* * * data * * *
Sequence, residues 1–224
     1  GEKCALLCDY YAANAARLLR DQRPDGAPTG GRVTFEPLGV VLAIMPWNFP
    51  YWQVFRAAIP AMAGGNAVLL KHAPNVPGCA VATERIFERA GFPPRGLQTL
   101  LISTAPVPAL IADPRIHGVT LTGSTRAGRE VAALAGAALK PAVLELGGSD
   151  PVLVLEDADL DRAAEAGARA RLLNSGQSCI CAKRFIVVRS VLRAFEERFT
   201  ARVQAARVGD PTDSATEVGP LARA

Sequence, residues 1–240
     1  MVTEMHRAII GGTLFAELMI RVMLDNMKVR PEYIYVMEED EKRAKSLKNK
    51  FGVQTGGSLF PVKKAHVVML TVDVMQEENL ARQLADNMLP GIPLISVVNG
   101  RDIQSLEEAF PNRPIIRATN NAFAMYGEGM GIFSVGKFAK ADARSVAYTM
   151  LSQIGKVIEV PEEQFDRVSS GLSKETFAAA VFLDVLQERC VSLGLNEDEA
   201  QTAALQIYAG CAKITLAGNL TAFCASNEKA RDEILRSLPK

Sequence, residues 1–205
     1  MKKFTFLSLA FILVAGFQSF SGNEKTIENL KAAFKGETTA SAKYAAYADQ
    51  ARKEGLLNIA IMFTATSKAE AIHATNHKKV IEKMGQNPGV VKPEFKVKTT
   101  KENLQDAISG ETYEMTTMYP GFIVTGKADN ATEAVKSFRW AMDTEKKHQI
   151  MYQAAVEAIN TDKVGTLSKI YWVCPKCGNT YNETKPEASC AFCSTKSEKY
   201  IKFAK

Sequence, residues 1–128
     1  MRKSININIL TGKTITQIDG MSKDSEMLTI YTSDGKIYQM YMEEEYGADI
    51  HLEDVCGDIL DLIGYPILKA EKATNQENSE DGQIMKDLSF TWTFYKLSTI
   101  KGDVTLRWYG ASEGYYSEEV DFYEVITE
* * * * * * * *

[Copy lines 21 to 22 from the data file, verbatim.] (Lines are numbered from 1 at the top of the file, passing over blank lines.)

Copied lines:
    51  HLEDVCGDIL DLIGYPILKA EKATNQENSE DGQIMKDLSF TWTFYKLSTI
   101  KGDVTLRWYG ASEGYYSEEV DFYEVITE